"Because he's so well documented, I couldn't afford to not resemble him," explained Kutcher. "I started by learning everything I could about him by reading books and watching video and listening to people tell tales and stories, and the script that was an extraordinary resource. Then I started consuming the things that he consumed. I started studying the entrepreneurs that he admired and listening to the music he listened to and eating the food that he ate and walking the way he walked. He would go for a walk when he wanted to have a meeting with someone, so I just started doing that. I started walking without shoes on and wearing Birkenstocks and going for one hour walks every day and trying to walk how he walked. First it was five minutes, then it was 10 minutes. When you practice something you get better at it."
Stern recalled how his early meetings with Kutcher were conducted during long walks, and he was unaware that the actor was already in character until he learned more about Jobs. "He lost 15 or 18 pounds for the beginning of this film," added Stern. "You see where Steve is at the beginning of the film, he's emaciated, then Ashton gained weight because we were able to shoot chronologically. It was a tremendous commitment. He went on a fruitarian diet and had to go to the emergency room right before we started shooting" -- evidently the diet wreaked havoc with his insulin levels -- "because to immerse yourself in Steve Jobs is an intense thing. So I would call him every once in a while to see if he was okay."
"Making those kind of changes to your body is a shock," confirmed Kutcher. "When you're not used to eating a certain way and all of a sudden change your diet, your body reacts to that. At first it rejects it. Your body rejects walking the way Steve Jobs walked because you're physiologically built to walk the way you walk. Every human being on this planet has a unique gait that we could actually measure and quantify and use as a security code if you wanted to. Your body actually has to rebuild to walk that way. It was uncomfortable, but it served its purpose."
One passion that Kutcher certainly shares with Jobs is his love for technology, an area in which he has also become an entrepreneur. Stern wanted the film to be detailed and as period accurate as possible, and his star ended up being his savior in many instances. "Ashton has an encyclopedic knowledge of the technology of this time," stressed Stern. "He'd walk onto a set and there would be a chip that was randomly on a table, and he would pick it up and say we have to take it off because it wasn't going to be invented for two years. We were a slave to that. In fact, at the very end of it we were so close to what the period of what it was that there was a moment that we were in the garage and there was a mistake in the set dressing. There was a Dustbuster on the wall behind Woz's back. I think it was in about 70 shots. It was about two years too early for the Dustbuster. We went in digitally and removed every Dustbuster from that wall just to make sure we were on point."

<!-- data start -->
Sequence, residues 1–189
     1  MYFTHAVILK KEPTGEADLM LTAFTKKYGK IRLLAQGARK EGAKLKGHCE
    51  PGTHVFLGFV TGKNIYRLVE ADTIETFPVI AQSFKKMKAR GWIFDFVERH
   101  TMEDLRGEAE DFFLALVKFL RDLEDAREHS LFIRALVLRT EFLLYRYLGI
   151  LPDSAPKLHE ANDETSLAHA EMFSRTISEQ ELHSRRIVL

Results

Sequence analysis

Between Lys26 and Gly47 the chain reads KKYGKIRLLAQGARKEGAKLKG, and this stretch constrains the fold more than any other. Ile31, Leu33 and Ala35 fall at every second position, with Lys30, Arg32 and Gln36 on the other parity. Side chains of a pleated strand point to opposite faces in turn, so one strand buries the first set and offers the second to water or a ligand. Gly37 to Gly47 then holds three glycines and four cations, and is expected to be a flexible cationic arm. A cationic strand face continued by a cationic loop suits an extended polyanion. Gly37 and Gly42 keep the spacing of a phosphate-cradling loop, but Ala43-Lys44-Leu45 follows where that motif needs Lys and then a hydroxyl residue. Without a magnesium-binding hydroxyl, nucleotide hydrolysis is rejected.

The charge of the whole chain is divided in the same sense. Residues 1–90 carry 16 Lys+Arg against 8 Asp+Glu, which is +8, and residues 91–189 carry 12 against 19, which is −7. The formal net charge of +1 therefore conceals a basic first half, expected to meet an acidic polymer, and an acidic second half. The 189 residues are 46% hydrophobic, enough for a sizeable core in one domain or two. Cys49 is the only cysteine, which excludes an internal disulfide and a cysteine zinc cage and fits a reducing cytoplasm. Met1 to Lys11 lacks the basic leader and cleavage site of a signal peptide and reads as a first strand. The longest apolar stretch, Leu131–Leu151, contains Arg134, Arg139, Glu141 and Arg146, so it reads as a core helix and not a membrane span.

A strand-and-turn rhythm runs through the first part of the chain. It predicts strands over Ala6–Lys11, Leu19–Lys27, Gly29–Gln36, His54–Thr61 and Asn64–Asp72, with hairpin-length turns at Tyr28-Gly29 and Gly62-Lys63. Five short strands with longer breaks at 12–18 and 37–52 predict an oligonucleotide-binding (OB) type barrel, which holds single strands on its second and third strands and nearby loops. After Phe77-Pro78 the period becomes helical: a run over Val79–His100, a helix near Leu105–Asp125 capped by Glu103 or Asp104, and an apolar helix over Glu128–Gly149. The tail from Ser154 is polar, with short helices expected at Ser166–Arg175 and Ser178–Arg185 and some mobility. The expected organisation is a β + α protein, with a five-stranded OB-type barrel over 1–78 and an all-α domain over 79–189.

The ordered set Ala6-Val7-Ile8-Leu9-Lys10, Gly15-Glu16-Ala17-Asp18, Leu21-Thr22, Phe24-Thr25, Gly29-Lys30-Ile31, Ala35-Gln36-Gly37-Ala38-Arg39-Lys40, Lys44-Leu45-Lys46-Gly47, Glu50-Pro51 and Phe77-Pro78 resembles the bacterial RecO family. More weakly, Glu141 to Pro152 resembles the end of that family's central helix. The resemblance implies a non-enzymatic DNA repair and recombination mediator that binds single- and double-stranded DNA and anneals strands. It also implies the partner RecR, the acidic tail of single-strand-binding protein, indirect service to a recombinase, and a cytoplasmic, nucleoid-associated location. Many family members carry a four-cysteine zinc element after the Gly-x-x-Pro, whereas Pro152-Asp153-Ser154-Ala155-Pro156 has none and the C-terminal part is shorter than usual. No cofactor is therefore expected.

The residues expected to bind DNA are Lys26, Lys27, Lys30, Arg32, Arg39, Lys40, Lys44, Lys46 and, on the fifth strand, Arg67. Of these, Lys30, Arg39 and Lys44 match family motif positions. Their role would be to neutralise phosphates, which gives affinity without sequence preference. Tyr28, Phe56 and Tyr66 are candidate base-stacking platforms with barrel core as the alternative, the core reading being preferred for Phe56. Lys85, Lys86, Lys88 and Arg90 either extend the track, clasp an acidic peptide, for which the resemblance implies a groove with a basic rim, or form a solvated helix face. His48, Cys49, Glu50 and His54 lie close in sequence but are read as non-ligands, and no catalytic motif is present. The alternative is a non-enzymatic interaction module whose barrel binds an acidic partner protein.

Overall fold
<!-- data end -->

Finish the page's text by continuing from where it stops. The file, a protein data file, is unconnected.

The final film, while far from a complete portrait of the man (an Aaron Sorkin penned biopic is coming soon), gives us interesting glimpses into Jobs' complicated world. Regardless of how one feels about the man, the inventor created many devices which have changed the world.
"I wanted to make this film to inspire young people to create the world that they live in," said Kutcher. "I think that was the ethos of Steve Jobs. Kids are graduating from college and entering the workforce where there are no jobs that they feel are equivalent to their level of education, and I'm personally kind of tired of people looking at the world and saying, 'The world is not providing for me.' Maybe you need to provide for the world. And maybe it just takes that little bit of confidence to say that this guy who came from very meager beginnings and didn't have a college education was able to build the most powerful company in the world. I think that is inspiring and necessary right now, and I think that people can learn a lot from it."
"Jobs" is out in theaters Aug. 16.
Having not seen the movie yet, I will have to simply guess how Kutcher did with his performance, but I have to agree with one of the previous posters that he would not be my choice of someone to play Jobs. Steve Jobs was a very intense and serious person. So much so, that he would make people very uncomfortable when he was around them. Choosing a guy who's best noted for hosting "Punked" and playing the dumb joker on sitcoms seems like a stretch to say the least. But, who knows, maybe he'll surprise us all!
DUDE! Where's my Iphone?
I would love to see the movie. Steve Jobs is a role model and an inspiration to many. I believe that Ashton Kutcher will do a wonderful job of telling us about Steve. So, I can't wait to see the movie.